Because nearly one billion users produce a lot of data, Facebook has had a hand in publishing more than 30 research papers since 2009, including research (.pdf) that may link social-networking activity and loneliness.
But outside researchers have been unable to validate those studies because Facebook refused to release the underlying raw data, citing the need to protect users’ privacy. Now Facebook is considering changes to its policy. Nature Newsreports:
Facebook is now exploring a plan that could allow external researchers to check its work in future by inspecting the data sets and methods used to produce a particular study. A paper currently submitted to a journal could prove to be a test case, after the journal said that allowing third-party academics the opportunity to verify the findings was a condition of publication.
There were two interesting developments in the field of social networks for healthcare practitioners last week. The first was the publication of a paper in JAMA “Variation in Patient-Sharing Networks of Physicians Across the United States”. The second was the sale of Sermo Physician Network to WorldOne for an undisclosed price. Sermo had raised $40+m in venture capital prior to sale, making a bet that social networking for physicians could drive value to pharmaceutical and financial firms based on disclosing interactions between members of the network.
If physician behavior and prescribing activity are key to your healthcare business, I think it is important to understand the relationship and differences between these two events.
Sermo bet hard on the Facebook model – physicians would interact on social networks, share knowledge and insight, and third parties could benefit from getting access to those interactions concerning their products or services. Sermo had also begun expanding its revenue model by providing paid content and sponsored education programs to network members, trying to capture “digital” dollars from life science companies. Pharma companies are desperately trying to gain advantage through digital advertising campaigns to influence physician prescribing behaviors, and multi-channel marketing efforts including the development of web sites for branded medications.
When the University of Pennsylvania Health System sought new patients for its lung transplant service last year, it turned to Facebook and Google.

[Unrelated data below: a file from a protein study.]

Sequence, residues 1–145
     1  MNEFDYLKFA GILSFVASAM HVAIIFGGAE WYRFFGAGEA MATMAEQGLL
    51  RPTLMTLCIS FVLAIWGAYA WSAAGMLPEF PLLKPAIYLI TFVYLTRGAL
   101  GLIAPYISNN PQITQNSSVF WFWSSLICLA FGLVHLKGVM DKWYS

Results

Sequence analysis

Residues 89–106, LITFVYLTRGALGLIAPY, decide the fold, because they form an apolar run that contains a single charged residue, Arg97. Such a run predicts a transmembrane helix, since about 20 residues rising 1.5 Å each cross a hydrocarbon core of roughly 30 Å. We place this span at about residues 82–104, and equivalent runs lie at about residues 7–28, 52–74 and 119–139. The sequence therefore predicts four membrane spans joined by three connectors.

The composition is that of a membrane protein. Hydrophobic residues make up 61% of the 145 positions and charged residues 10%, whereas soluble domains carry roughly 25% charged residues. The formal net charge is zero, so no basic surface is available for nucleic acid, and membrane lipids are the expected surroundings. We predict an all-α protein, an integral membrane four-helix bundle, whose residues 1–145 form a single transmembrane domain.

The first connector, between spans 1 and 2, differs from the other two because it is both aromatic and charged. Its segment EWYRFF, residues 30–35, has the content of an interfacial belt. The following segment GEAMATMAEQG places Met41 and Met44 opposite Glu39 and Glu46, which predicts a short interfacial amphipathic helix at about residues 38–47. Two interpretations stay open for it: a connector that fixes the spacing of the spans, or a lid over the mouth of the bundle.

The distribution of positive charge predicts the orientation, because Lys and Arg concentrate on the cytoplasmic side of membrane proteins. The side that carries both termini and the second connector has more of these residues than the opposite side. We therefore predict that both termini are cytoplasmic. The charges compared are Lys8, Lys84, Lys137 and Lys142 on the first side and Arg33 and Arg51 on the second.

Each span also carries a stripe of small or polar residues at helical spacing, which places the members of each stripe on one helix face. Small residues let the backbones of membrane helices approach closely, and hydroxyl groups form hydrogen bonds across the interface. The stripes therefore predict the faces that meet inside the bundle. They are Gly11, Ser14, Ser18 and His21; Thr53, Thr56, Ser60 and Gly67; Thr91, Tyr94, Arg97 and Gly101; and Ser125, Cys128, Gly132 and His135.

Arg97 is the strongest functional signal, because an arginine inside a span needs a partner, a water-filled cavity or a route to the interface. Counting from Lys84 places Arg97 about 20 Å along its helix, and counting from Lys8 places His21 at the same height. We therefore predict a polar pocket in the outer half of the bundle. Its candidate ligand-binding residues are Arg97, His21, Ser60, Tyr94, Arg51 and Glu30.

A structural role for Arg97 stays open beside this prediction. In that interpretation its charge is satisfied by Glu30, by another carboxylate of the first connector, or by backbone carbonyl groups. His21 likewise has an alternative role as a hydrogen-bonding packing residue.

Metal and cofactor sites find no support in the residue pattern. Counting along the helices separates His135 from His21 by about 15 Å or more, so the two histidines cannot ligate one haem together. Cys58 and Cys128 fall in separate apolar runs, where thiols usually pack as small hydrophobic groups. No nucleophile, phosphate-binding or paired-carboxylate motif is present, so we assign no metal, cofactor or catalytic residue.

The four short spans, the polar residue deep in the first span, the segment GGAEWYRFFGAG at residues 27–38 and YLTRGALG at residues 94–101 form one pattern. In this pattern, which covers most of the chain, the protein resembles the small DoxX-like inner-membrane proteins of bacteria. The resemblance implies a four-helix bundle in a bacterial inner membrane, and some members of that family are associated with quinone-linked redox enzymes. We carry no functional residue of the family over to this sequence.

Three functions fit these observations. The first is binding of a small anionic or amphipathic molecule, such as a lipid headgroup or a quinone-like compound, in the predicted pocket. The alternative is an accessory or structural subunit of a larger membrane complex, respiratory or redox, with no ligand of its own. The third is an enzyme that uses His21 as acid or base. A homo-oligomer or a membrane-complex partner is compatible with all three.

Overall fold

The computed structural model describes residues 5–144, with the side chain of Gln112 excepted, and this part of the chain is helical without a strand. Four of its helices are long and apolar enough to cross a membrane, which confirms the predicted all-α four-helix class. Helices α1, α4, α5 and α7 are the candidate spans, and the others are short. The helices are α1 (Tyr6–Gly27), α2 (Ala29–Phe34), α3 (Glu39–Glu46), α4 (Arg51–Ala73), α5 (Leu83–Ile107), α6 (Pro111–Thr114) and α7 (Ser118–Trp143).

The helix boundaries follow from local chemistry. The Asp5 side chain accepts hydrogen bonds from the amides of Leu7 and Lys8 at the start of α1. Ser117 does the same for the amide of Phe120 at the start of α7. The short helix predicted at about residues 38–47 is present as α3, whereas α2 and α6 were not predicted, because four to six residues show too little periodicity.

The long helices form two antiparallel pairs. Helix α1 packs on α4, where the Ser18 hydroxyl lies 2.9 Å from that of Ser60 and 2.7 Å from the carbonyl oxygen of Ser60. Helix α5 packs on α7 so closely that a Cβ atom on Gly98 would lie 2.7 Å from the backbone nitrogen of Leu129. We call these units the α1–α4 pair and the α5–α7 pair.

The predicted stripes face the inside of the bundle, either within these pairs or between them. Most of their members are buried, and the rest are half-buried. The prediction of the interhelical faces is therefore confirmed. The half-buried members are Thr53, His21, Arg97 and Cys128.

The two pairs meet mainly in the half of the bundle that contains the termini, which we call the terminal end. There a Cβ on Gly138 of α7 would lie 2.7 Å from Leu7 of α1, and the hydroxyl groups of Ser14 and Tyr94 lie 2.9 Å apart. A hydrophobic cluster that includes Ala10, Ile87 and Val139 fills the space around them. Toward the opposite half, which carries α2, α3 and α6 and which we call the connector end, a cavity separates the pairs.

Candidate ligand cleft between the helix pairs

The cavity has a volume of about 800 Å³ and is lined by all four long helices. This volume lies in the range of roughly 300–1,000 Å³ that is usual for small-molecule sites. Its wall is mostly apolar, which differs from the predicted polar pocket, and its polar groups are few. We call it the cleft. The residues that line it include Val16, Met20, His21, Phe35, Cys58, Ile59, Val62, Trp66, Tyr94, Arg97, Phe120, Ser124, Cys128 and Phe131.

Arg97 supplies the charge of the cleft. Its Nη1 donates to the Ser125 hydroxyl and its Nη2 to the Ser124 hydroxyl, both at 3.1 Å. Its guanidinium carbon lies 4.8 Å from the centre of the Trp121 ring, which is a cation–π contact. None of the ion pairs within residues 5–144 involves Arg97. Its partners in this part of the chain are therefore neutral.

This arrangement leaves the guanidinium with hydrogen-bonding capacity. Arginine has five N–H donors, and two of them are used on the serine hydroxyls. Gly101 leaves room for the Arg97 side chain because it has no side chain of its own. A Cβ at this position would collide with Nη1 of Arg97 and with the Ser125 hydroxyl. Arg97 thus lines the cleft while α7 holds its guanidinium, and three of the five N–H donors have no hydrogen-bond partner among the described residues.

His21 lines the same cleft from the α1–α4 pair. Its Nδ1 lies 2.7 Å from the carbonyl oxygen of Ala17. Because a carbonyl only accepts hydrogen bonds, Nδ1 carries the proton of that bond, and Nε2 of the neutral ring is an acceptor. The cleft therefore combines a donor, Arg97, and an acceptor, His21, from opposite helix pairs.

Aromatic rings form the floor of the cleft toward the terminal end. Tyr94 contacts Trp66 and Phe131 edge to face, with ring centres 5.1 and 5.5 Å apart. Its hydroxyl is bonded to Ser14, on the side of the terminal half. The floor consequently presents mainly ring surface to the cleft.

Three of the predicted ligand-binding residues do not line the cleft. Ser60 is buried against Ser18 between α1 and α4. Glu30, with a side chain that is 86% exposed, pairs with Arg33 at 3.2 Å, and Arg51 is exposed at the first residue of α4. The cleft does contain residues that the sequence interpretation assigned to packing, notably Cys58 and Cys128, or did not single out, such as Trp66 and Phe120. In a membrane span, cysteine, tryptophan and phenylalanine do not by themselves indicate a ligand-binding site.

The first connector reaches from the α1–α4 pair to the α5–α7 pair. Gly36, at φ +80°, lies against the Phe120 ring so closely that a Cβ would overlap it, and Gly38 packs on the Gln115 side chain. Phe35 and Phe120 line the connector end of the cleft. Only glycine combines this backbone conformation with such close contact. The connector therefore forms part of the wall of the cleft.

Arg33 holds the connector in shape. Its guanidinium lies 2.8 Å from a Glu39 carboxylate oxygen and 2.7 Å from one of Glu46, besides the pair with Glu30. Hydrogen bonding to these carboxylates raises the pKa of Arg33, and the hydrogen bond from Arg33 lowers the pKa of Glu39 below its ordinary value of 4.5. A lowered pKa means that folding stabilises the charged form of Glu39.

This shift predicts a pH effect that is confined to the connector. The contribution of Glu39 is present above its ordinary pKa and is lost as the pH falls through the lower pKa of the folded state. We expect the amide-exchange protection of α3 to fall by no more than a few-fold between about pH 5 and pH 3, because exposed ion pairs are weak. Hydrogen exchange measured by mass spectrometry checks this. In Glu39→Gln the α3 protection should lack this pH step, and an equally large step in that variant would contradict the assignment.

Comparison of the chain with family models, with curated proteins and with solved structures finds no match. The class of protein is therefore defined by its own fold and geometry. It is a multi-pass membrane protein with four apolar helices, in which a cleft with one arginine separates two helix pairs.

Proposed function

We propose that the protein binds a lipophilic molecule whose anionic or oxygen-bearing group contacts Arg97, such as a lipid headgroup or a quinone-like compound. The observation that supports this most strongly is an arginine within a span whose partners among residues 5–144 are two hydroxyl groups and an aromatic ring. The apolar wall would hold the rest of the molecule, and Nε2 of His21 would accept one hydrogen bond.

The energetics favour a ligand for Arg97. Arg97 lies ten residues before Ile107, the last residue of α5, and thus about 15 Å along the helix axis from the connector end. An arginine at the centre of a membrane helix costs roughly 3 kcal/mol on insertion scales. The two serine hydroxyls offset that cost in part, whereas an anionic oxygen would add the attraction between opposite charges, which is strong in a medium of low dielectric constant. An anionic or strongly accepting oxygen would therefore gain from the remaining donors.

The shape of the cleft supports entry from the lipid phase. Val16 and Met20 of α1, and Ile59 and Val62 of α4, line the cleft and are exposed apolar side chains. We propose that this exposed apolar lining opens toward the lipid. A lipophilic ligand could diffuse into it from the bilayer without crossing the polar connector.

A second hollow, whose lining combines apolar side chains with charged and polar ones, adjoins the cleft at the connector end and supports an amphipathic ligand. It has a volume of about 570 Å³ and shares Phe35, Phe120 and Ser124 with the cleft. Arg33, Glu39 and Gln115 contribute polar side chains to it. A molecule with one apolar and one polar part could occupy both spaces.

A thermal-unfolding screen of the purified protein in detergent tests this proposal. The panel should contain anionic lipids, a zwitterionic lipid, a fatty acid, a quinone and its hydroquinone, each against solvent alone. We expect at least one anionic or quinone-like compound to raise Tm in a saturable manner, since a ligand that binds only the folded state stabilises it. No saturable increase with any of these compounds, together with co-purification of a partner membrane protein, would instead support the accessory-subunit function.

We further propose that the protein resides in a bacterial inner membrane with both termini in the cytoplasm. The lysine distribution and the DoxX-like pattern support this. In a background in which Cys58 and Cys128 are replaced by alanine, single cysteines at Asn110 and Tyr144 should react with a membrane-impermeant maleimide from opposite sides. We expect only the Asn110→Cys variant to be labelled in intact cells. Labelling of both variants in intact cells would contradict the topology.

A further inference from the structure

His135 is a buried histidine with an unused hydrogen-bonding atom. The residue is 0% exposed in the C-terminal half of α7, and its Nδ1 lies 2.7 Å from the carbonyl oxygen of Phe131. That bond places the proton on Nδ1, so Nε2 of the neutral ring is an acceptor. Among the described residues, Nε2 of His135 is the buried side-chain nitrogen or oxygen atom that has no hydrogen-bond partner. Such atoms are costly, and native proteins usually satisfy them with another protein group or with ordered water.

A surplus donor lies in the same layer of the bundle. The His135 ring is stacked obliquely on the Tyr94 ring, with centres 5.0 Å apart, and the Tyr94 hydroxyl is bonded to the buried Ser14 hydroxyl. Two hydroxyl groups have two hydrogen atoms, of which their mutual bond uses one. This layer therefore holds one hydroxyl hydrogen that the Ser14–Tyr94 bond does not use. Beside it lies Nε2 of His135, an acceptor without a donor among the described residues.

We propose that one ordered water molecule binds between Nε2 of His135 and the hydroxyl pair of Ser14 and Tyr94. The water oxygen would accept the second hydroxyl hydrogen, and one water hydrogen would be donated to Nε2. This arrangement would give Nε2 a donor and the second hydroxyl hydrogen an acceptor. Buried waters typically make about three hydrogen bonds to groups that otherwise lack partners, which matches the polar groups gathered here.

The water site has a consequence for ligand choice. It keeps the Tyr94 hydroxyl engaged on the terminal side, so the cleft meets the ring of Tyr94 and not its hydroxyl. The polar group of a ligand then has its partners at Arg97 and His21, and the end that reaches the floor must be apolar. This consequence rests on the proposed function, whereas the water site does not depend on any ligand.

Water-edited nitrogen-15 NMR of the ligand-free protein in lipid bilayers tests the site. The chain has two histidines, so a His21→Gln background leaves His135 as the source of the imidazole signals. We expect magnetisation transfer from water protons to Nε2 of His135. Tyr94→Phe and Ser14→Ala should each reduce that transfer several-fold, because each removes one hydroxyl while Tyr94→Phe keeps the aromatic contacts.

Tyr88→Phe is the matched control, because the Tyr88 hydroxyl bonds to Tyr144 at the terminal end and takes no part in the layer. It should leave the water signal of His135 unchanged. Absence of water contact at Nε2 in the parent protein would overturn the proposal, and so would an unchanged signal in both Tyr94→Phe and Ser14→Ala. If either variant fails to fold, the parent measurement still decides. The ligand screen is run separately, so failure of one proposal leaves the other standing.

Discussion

The results of the $20,000 advertising campaign on the websites exceeded administrators’ expectations.
During a few weeks in August and September, more than 4,600 people clicked on the ads and 36 people made appointments for consultations. One of those is now on the hospital’s lung transplant waiting list, and several others are being evaluated, hospital officials say. While the response may seem small, each transplant brings in about $100,000 in revenue.
“We wanted to test the theory of how successful a digital marketing campaign could be,” said Suzanne Sawyer, the health system’s chief marketing officer. “It was like looking for a needle in a haystack,” she said, noting only about 60 lung transplants are done each year in Philadelphia, where the health system is based.
Among the most frustrating dilemmas facing patients – and physicians – is when doctors are unable to assign a specific diagnosis. Just having a name for a condition can be remarkably reassuring to patients (and families), providing at least a basic framework, a set of expectations, and perhaps most importantly, an explanation for what the patient is experiencing.
Sara Wheeler, writing in the New York Times in 1999, poignantly described the experience of traveling through “the land of no diagnosis.” Ten years later, the NYT featured a story called “What’s Wrong with Summer Stiers,” about another patient without a diagnosis – and about a fascinating initiative at the NIH, the “Undiagnosed Disease Program” – specifically created to meet this need.
Investors just ponied up well over $100 billion for a piece of the social media giant Facebook. While Mr. Zuckerberg and his co-founders deserve a hearty congratulations, I find some eerie parallels between Facebook and accountable care organizations. The similarity does not bode well for either business model.
1. The users are not the customers: Facebook sells its users to marketeers. ACOs sells its patients’ health care utilization to insurers.
2. It’s the data and it’s not yours: Facebook’s targeted ads are constructed off of prior usage patterns. ACO’s shared savings calculations are built off off actuarially determined health care utilization patterns.
3. Sovereign hostility: Washington DC views information technology and health care as distractions from the true task at hand: restoring the U.S. manufacturing base.
4. Do you care, really? Now that the wunderkids in charge of Facebook have made their millions, it remains to be seen if they’ll work as hard in delivering value to its users. Ditto for all the salaried docs working for ACOs, who no longer have to arrive early, skip lunch and stay late.
5. The long term: Yahoo once was the darling of internet investors. Even if ACOs have initial success, is a better care model being developed as you are reading this?
Just as the little mobile wireless devices radically transformed our day-to-day lives, so will such devices have a seismic impact on the future of health care. It’s already taking off at a pace that parallels the explosion of another unanticipated digital force — social networks.